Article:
Mycoplasmosis is a respiratory disease caused by a bacterial infection.
The symptoms, which are slow to develop, resemble the symptoms of a standard respiratory infection: Watery eyes, dirty nostrils, coughing and sneezing. It also causes decreased egg production, lowered fertility and decreased hatchability. There are various species of Mycoplasma that can infect chickens, but the most common in small flocks is Mycoplasma gallisepticum (MG). The disease can have a long course of infection and can lead to the accumulation of a “cheesy” material in the eyelids and sinuses as well as noticeable outward swelling.
Can it spread?
Chickens that recover from MG remain asymptomatic carriers for life. Therefore, introduction of seemingly healthy birds to an uninfected flock can become a source of infection. Infected breeders can transmit the disease through their eggs to the chicks, further perpetuating the disease.
The best prevention for MG is to purchase MG-free chickens. This is often easier said than done, as carrier chickens look perfectly healthy. A simple and inexpensive blood test performed by most veterinary diagnostic laboratories can detect previous exposure to MG. Contact your veterinarian, your local extension office or the local university to find an expert who can help you diagnose and treat your chickens.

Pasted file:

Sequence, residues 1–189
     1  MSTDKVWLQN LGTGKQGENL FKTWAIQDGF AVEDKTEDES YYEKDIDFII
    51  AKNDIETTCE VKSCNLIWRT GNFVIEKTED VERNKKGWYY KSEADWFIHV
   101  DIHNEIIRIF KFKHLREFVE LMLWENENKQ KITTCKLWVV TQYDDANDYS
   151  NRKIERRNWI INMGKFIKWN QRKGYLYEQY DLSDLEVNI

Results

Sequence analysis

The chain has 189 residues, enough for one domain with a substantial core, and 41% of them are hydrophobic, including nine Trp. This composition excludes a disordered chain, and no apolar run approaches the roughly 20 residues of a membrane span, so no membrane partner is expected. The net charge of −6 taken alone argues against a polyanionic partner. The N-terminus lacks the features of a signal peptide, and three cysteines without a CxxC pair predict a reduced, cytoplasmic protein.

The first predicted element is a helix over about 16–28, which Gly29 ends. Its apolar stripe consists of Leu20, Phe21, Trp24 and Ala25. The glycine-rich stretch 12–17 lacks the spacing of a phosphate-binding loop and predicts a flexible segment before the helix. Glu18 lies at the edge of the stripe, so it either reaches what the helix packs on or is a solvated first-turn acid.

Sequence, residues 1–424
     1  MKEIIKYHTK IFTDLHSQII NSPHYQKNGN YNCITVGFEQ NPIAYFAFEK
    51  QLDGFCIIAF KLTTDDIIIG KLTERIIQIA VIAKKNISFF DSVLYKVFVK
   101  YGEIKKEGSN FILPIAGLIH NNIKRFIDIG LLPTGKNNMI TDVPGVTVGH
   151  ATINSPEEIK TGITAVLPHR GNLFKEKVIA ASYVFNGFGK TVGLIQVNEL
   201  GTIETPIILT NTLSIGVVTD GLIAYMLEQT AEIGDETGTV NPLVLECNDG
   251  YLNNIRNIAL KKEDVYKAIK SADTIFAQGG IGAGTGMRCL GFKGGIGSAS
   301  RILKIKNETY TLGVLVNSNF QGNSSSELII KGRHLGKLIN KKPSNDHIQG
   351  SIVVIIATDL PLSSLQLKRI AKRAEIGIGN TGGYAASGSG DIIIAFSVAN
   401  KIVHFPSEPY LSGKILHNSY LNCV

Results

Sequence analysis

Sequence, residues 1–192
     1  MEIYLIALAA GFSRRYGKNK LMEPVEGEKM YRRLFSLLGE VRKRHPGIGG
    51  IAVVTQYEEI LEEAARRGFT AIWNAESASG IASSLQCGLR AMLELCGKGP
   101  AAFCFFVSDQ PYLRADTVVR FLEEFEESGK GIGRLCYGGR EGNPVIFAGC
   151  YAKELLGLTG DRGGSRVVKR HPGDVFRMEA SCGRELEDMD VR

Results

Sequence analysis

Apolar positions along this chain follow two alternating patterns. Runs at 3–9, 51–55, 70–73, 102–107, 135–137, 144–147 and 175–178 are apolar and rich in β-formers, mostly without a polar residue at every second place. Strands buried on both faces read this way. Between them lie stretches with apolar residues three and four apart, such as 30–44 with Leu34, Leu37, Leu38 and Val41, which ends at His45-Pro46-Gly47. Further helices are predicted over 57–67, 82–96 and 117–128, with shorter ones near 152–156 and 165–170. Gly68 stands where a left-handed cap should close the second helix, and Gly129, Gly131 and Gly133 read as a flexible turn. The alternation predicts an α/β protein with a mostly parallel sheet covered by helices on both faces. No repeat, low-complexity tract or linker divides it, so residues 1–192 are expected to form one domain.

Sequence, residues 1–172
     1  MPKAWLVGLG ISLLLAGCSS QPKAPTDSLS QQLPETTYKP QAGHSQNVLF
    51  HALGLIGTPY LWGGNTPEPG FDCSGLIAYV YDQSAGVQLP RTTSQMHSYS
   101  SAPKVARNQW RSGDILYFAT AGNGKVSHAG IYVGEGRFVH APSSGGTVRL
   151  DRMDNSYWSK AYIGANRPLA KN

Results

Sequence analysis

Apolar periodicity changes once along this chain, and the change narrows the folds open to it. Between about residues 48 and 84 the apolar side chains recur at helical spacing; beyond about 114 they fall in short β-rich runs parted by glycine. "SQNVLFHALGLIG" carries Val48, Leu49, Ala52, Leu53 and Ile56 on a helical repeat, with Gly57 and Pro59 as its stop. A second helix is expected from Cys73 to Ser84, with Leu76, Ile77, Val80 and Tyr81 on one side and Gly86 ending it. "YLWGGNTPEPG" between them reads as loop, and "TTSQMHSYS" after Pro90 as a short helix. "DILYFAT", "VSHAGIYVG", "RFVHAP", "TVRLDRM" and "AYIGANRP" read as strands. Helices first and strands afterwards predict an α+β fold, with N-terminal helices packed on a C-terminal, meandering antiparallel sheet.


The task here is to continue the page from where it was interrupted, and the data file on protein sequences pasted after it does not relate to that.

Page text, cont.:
Sick chickens benefit from lowered stress, reduced dust and clean coops, as well as from proper nutrition and antibiotic treatment. Tylosin and tetracycline antibiotics can help reduce symptoms, but cannot eliminate the infection or cure a carrier chicken.
Antibiotics are best administered through drinking water at the dosage indicated on the label and used no longer than for seven days. There are live and inactive vaccines available, but their use is only practical for large flocks of laying chickens to protect egg production. The use of live vaccines is regulated by most states and should be used with care, as some live vaccines can cause disease in other poultry species, especially turkeys.
About the Authors: Dr. Jose A. Linares, DVM, ACPV, is the Resident Director of the Texas Veterinary Medical Diagnostic Laboratory, Poultry Diagnostic Laboratory in Gonzales, TX. Dr. John El-Attrache, PhD, is an Assistant Professor in the Department of Veterinary Pathobiology in the College of Veterinary Medicine at Texas A&M University.